Wednesday, February 28, 2024
    HomeUncategorizedAkrotiri and Larnaca Airport at risk of sinking

    Akrotiri and Larnaca Airport at risk of sinking

    A study by the Climate Central Organisation indicates the areas that will be covered by water over the next 20 – 80 years. In Great Britain, for example, parts of Liverpool and London are expected to disappear. In Cyprus, the biggest problem occurs in the Akrotiri area and also at Larnaca Airport, much of which is expected to be covered by water.

    Climate Central’s study shows that vast areas of the world are very likely to be completely submerged within the next 80 years. Rising sea levels are attributed to climate change, which causes ice to melt.

    Greece will not be left untouched either. A large section west of Thessaloniki will sink, as will the entire area where the ‘Macedonia’ Airport is located. In the study, we also see sections in Mesolongi, Nafpaktos, Arta and Kalamata below sea level.

    Elsewhere, things are much, much worse, such as in Vietnam, which is expected to be completely off the map by 2050.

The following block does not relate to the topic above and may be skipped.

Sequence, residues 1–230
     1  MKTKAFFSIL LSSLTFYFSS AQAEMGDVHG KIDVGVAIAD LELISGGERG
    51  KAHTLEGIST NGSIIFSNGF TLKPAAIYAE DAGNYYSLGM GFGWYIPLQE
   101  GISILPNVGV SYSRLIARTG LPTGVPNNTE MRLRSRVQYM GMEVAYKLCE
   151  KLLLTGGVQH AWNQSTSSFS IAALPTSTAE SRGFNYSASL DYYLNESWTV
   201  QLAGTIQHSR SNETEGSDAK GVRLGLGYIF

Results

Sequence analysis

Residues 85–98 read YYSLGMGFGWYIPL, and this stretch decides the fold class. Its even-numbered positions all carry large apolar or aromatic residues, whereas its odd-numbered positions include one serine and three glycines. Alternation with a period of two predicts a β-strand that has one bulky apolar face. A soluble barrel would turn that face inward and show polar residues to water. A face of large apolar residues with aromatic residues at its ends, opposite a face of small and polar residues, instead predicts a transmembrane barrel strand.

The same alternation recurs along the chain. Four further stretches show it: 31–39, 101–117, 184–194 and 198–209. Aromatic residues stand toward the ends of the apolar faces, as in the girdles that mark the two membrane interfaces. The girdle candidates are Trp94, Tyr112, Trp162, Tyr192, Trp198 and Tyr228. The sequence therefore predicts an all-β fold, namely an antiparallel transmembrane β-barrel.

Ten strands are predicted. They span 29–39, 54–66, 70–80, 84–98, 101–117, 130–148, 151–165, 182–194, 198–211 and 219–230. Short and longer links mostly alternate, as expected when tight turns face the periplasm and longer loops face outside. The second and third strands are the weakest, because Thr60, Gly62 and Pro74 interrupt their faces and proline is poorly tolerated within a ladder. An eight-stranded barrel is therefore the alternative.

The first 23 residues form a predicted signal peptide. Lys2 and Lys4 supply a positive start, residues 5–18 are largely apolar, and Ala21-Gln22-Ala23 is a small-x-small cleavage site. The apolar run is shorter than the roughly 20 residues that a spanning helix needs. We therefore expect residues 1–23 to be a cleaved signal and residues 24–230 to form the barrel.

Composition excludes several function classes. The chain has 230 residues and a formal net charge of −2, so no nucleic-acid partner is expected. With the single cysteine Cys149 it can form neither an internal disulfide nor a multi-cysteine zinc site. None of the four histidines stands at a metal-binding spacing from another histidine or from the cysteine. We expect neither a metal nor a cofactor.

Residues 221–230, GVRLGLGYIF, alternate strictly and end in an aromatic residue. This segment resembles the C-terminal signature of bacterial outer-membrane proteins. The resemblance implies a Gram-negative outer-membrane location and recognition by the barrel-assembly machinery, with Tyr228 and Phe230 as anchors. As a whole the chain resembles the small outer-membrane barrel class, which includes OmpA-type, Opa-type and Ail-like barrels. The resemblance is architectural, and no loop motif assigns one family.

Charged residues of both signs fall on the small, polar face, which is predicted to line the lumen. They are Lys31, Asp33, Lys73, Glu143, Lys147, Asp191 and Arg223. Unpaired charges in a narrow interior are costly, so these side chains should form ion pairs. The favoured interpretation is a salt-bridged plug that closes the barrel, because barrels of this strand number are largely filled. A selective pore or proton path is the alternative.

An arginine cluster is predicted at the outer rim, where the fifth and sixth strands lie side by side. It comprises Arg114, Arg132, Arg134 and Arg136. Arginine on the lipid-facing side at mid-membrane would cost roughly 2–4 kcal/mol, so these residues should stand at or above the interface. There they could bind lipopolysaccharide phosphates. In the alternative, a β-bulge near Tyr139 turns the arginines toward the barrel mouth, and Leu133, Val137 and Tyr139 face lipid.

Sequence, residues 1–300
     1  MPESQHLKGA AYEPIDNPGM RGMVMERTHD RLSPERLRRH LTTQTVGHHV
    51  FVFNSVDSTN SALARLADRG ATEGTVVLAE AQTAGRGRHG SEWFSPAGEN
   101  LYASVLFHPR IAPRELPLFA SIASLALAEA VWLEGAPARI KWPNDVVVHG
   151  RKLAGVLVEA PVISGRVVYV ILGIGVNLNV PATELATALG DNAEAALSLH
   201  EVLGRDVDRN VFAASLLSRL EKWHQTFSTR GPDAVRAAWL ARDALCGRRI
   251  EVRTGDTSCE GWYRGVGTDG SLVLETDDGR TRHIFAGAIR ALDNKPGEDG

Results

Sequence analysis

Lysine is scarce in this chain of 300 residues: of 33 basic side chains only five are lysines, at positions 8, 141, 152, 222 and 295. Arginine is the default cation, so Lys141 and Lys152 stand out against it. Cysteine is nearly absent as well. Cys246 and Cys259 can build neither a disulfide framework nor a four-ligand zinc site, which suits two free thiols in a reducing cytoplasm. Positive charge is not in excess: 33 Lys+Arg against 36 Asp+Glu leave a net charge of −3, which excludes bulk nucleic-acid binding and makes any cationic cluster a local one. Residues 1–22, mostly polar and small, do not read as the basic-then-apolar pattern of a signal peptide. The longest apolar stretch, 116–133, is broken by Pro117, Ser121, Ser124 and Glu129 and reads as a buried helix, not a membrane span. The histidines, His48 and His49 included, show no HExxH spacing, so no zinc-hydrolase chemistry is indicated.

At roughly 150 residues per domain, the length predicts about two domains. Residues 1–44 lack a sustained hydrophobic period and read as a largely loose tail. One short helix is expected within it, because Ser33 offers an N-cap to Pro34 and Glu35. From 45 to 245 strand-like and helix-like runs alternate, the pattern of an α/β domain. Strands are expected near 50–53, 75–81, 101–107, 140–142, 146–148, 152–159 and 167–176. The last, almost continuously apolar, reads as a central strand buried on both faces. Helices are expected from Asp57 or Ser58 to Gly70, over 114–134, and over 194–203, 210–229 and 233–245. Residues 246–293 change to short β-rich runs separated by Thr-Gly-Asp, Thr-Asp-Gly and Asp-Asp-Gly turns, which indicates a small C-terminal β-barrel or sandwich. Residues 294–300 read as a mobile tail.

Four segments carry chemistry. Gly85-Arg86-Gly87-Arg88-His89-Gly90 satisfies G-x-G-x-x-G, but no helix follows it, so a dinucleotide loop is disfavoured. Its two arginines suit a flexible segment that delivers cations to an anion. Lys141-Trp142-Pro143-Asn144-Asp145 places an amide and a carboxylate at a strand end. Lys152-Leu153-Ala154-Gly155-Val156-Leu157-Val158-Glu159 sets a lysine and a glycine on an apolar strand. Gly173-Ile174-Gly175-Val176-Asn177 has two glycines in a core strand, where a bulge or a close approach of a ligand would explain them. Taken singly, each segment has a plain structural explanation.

Dr Scott Kulp, a senior scientist at Climate Central and lead author of the study, said, however, that it is not too late to avoid this devastating and depressing scenario.

    “These estimates show what climate change can do, so that we can revise certain things from now on and reshape cities, economies, coastlines and entire world regions during our lifetime. Now, not tomorrow. Soon nations will be called upon to face this problem,” he said.

    The study found that, within three decades, chronic flooding could affect areas where a total of 300 million people live. The coastal parts of Asia are at high risk (such as Vietnam, mentioned above) and, by the end of the century, areas that could accommodate 200 million people could be permanently beneath the tide.

    The study concludes: “Large and immediate cuts in global gas emissions would reduce the risk posed by rising seas. Such cuts will reduce the total number of people threatened by annual floods and permanent floods by the end of the century by 20 million compared to the moderate emissions cuts made under the Paris Agreement. ”

    And he adss: “If governments seek to limit the future impacts of ocean flooding, they could also avoid new construction in areas with high flood risk, while protecting, relocating or even abandoning existing infrastructure. Rising sea levels are an inherent danger: Today’s communities must make choices not only for future generations but for themselves as well.”

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